The output amplifiers circuit 51 contains a RA pace pulse generator (and a LA pace pulse generator if LA pacing is provided), a RV pace pulse generator, and a LV pace pulse generator or corresponding to any of those presently employed in commercially marketed cardiac pacemakers providing atrial and ventricular pacing. In order to trigger generation of an RV-PACE or LV-PACE pulse, digital controller/timer circuit 83 generates the RV-TRJG signal at the timeout of the A-RVp delay (in the case of R.V pre-excitation) or the LV-TRIG at the time-out of the A-LVp delay (in the case of LV pre-excitation) provided by AV delay interval timer 83E (or the V-V delay timer 83B). Similarly, digital controller/timer circuit 83 generates an RA-TRIG signal that triggers output of an RA-PACE pulse (or an LA-TRIG signal that triggers output of an LA-PACE pulse, if provided) at the end of the V-A escape interval timed by escape interval timers 83D.

The output amplifiers circuit 51 includes switching circuits for coupling selected pace electrode pairs from among the lead conductors and the IND CAN electrode 20 to the RA pace pulse generator (and LA pace pulse generator if provided), RV pace pulse generator and LV pace pulse generator. Pace/sense electrode pair selection and control circuit 53 selects lead conductors and associated pace electrode pairs to be coupled with the atrial and ventricular output amplifiers within output amplifiers circuit 51 for accomplishing RA, LA, RV and LV acing.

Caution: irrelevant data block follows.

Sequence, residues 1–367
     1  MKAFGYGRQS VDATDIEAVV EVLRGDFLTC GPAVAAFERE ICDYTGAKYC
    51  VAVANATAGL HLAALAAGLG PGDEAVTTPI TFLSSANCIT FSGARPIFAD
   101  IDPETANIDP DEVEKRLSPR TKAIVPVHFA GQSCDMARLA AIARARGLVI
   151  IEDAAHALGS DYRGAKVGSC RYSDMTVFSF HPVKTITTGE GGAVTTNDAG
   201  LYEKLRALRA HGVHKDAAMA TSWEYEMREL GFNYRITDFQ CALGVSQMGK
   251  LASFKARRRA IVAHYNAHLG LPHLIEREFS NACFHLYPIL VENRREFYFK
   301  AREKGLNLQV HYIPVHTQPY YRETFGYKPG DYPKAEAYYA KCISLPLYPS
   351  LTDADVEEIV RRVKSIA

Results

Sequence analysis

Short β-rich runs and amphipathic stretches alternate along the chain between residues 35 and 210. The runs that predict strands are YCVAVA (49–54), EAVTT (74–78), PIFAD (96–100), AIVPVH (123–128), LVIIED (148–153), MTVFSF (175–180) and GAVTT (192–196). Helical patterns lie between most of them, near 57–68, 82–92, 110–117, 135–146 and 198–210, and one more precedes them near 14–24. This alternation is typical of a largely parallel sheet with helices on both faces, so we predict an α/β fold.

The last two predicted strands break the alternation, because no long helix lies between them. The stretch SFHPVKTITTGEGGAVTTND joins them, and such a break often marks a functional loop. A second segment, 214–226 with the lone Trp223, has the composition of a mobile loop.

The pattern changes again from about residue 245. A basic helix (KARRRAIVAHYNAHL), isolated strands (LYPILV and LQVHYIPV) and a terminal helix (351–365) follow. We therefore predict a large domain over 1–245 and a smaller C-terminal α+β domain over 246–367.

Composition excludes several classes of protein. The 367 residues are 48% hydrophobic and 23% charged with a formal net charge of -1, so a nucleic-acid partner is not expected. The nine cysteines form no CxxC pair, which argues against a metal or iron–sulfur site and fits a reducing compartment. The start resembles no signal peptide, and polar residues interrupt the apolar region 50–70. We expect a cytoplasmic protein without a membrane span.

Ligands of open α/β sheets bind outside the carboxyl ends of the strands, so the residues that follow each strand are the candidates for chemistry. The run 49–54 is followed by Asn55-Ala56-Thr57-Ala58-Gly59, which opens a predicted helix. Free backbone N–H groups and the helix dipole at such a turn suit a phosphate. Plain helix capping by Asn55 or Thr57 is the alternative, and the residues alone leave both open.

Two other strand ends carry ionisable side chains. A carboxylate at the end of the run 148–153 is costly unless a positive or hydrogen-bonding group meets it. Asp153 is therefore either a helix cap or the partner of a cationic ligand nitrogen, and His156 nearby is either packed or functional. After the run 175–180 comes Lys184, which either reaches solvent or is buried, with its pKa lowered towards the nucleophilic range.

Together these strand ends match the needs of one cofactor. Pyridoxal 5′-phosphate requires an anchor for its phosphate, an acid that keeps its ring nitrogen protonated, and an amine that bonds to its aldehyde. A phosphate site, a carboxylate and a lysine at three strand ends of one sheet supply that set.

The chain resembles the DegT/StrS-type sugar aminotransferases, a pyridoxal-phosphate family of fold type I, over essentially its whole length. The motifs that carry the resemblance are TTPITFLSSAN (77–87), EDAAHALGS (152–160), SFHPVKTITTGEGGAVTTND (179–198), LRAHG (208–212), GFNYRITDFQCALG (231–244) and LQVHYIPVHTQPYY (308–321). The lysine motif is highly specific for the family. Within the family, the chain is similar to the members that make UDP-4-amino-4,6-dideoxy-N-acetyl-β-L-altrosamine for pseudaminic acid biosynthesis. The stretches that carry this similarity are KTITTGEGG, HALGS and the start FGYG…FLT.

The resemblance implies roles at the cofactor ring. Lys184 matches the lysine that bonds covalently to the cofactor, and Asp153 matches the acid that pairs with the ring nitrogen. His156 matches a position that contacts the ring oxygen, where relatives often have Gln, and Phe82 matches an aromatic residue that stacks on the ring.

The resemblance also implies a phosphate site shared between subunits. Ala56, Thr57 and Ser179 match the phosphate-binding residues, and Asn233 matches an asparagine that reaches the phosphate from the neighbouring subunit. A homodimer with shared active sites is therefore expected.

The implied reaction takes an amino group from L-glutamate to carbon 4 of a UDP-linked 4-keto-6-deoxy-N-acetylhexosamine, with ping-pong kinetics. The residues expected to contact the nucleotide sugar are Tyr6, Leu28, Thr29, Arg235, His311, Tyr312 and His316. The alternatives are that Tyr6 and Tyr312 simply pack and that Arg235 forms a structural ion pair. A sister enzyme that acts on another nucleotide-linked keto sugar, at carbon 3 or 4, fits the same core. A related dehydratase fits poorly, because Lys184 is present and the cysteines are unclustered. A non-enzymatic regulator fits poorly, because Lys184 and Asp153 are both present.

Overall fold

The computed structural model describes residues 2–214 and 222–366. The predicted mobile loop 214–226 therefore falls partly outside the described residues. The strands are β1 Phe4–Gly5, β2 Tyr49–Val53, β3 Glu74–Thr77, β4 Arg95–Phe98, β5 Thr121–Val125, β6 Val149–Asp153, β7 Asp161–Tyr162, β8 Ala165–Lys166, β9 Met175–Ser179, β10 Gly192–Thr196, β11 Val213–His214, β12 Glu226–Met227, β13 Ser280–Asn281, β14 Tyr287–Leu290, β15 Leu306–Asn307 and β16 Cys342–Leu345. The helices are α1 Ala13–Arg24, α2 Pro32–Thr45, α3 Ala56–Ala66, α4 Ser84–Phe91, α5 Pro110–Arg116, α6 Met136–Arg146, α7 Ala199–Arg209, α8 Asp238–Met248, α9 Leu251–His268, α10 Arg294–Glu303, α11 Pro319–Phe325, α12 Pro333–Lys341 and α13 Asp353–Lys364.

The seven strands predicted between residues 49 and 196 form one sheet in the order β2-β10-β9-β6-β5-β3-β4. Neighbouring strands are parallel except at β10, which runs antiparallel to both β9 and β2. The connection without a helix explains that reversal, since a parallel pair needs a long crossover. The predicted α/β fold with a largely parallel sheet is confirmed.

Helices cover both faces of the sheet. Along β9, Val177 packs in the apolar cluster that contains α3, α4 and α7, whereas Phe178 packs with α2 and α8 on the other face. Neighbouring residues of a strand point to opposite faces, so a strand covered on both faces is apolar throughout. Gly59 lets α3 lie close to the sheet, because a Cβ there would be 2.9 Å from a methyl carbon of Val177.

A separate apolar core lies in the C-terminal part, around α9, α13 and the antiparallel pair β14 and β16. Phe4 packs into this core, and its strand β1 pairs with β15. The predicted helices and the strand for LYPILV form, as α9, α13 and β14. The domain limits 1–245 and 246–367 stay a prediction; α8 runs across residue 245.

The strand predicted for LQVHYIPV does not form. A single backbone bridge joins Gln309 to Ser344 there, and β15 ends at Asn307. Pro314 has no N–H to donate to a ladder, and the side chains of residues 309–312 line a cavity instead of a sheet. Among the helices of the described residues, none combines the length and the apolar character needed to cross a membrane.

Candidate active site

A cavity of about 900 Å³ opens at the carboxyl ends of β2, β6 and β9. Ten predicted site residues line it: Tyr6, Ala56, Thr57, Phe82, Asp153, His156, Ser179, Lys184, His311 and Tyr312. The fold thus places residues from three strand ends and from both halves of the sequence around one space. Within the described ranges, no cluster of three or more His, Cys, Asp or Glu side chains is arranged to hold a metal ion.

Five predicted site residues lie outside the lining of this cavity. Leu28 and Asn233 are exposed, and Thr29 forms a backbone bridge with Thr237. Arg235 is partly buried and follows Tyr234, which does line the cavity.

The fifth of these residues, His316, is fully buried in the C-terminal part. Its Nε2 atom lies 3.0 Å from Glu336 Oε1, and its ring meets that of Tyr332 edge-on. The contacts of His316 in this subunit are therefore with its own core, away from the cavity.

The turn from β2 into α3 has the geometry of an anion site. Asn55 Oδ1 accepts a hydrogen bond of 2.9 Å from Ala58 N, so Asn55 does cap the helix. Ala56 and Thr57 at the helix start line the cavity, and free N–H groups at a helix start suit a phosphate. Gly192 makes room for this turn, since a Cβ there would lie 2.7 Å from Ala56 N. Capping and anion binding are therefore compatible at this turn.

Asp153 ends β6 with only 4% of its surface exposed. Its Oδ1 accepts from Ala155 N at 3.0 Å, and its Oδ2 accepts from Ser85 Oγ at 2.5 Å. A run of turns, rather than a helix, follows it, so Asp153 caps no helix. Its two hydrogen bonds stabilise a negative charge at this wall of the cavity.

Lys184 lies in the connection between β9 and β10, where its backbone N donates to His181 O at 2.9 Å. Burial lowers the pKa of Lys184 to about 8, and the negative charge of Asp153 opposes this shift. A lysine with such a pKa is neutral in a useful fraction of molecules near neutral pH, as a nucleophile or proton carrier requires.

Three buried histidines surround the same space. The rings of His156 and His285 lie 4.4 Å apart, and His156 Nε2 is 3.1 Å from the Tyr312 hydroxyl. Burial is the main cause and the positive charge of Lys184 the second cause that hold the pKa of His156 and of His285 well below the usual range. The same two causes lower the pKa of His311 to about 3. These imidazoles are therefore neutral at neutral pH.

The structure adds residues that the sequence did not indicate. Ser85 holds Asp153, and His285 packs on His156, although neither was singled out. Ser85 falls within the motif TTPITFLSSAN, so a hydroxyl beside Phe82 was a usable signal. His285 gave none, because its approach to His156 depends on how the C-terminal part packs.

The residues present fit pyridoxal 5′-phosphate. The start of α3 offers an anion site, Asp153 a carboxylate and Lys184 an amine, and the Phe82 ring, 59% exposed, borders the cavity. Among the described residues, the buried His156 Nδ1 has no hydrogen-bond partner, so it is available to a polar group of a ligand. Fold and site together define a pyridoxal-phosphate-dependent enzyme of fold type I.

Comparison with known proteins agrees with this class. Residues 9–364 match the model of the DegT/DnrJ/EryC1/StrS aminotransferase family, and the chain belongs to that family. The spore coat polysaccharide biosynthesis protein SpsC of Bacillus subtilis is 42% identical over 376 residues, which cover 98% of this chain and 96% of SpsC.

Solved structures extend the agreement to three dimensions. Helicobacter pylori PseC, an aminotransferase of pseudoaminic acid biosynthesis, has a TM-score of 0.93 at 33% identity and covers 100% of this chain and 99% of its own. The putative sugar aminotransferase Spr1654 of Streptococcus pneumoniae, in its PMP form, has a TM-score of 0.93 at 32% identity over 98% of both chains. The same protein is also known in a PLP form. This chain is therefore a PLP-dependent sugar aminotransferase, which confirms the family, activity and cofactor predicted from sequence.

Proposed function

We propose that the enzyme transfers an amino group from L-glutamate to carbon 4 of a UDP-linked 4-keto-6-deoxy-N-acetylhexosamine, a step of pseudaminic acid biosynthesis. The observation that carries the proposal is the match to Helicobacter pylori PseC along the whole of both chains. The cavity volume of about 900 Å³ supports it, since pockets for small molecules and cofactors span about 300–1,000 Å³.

The sense amplifiers circuit 55 contains sense amplifiers corresponding to any of those presently employed in contemporary cardiac pacemakers for atrial and ventricular pacing and sensing. High impedance P-wave and R-wave sense amplifiers may be used to amplify a voltage difference signal that is generated across the sense electrode pairs by the passage of cardiac depolarization wavefronts. The high impedance sense amplifiers use high gain to amplify the low amplitude signals and rely on pass band filters, time domain filtering and amplitude threshold comparison to discriminate a P-wave or R-wave from background electrical noise. Digital controller/timer circuit 83 controls sensitivity settings of the atrial and ventricular sense amplifiers 55.

The sense amplifiers are typically uncoupled from the sense electrodes during the blanking periods before, during, and after delivery of a pace pul se to any of the pace electrodes of the pacing system to avoi d saturation of the sense amplifiers. The sense amplifiers circuit 55 includes blanking circuits for uncoupling the selected pairs of the lead conductors and the IND-CAN electrode 20 from the inputs of the RA sense amplifier (and LA sense amplifier if provided), R.V sense amplifier and LV sense amplifier during the ABP, PVABP and VBP. The sense amplifiers circuit 55 also includes switching circuits for coupling selected sense electrode lead conductors and the IND-CAN electrode 20 to the RA sense amplifier (and LA sense amplifier if provided), RV sense amplifier and LV sense amplifier. Again, sense electrode selection and control circuit 53 selects conductors and associated sense electrode pairs to be coupled with the atrial and ventricular sense amplifiers within the output amplifiers circuit 51 and sense amplifiers circuit 55 for accomplishing RA, LA, RV and LV sensing along desired unipolar and bipolar sensing vectors.